I received One Pound from Mr. Boyd of Yarrawonga for some of my compositions. I am to give them to him as I return. We left at about 10 o'clock. We called in at the Yarrawonga wool shed Mr. John Rutherford rode with us in our buggy from there to Peechelba. He is a fine genial man - very kind. As we went along he gave me a cheque for Two pounds two shillings for the tuning of Mrs Armstrong's Piano. We arrived at Peechelba at about 3.30. Jack had driven the 14 miles from the boundary. He had made the horses go first rate. He drives very well. I shall miss him in very many ways. He is going to ride to Wangaratta (22) twenty two miles - tomorrow, to post a letter for dear dear Margaret. I have just, written part of it - I hope that she and all of them are well. We are kindly entertained by Mr. and Mrs. Geo Rutherford- happily the health of Mrs. Geo is much improved. I have sung a few songs this evening - and Mr. John Rutherford has sung some Scotch songs. There is a large halo around the moon betokening rain. I feel assured that rain is not far off. Jack is snoring awfully while I write. Another day of great mercies.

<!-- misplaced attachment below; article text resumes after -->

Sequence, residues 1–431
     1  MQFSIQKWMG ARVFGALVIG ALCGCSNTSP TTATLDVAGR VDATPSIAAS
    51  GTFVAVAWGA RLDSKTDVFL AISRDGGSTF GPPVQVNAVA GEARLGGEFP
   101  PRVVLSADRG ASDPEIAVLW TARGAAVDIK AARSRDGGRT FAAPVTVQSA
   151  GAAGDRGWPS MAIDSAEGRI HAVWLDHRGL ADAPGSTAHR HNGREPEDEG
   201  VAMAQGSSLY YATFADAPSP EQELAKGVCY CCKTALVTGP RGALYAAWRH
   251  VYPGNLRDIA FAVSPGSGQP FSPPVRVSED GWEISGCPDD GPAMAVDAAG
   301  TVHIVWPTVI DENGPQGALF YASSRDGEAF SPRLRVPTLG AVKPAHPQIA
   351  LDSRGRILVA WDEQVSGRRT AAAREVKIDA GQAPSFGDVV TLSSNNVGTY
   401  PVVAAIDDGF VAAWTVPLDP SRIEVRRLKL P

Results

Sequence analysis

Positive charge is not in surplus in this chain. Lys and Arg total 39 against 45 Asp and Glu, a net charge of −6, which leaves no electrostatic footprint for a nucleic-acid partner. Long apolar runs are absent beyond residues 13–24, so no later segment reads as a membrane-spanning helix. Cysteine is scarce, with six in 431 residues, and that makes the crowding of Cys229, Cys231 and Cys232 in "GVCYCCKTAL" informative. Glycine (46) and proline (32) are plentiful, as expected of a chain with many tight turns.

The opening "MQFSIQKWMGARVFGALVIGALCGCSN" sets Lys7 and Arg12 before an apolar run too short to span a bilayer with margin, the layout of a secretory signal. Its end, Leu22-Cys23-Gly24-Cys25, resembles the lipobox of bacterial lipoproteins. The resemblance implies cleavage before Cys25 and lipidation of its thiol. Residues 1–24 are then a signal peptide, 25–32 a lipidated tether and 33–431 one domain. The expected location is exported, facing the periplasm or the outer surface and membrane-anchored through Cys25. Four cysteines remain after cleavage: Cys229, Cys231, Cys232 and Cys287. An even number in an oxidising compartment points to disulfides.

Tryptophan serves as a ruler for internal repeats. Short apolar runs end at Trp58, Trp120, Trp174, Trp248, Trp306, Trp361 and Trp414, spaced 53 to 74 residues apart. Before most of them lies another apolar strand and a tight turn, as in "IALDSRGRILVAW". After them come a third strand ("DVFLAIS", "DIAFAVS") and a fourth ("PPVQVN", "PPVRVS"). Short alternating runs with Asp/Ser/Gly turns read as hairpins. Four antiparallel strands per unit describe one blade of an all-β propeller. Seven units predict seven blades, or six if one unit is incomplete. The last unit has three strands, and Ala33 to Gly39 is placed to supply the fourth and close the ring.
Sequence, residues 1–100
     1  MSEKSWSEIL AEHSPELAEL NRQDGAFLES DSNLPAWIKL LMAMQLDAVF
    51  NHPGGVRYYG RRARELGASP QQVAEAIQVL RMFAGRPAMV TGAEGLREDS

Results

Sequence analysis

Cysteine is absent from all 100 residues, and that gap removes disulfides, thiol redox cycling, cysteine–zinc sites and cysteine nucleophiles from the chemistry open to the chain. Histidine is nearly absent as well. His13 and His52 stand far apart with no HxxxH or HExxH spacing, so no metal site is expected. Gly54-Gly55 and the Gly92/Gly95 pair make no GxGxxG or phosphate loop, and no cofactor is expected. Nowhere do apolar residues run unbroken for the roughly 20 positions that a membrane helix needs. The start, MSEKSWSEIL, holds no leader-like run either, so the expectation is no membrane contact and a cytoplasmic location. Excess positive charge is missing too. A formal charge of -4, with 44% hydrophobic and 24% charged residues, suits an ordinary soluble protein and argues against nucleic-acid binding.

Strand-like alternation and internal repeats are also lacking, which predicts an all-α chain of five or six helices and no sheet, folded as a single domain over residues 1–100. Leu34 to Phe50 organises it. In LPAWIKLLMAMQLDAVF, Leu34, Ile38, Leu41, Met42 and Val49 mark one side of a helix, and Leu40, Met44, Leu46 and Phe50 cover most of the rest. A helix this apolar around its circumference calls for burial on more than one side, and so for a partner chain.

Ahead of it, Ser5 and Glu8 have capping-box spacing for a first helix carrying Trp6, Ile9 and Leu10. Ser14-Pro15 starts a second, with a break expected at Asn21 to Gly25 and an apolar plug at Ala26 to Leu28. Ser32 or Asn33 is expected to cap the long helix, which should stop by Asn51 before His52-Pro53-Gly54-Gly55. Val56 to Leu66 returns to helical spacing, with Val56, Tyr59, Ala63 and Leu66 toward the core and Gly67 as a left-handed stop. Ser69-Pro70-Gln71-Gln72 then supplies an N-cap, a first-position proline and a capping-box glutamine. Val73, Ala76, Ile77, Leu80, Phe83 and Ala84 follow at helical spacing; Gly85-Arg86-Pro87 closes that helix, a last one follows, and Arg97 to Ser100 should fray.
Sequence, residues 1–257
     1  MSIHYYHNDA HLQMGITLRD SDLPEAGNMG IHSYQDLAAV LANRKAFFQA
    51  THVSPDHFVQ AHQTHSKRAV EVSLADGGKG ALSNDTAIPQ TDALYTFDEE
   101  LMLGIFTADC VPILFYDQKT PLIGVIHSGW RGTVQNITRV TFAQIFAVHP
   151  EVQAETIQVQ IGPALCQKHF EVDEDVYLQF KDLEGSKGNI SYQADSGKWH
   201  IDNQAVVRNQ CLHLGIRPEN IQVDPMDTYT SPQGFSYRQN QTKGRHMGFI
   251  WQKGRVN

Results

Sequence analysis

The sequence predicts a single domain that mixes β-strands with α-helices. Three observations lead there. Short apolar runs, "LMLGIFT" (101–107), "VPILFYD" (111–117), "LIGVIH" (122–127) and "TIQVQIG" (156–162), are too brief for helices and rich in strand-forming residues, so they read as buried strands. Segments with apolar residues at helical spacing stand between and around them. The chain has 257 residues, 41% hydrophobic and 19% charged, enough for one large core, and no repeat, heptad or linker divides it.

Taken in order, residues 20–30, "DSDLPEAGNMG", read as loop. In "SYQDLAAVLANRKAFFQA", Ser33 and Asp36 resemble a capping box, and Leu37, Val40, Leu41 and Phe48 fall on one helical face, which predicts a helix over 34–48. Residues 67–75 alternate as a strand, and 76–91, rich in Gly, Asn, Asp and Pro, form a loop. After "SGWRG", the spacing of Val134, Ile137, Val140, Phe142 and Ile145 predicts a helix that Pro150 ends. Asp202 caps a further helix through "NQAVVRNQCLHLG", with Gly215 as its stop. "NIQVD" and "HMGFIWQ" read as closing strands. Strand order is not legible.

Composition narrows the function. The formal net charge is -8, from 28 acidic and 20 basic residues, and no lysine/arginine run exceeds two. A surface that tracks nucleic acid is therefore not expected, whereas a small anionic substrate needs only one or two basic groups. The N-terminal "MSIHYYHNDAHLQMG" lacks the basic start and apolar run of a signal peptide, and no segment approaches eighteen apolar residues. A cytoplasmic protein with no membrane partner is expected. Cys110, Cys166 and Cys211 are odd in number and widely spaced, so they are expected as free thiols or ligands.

An abundance of grass now.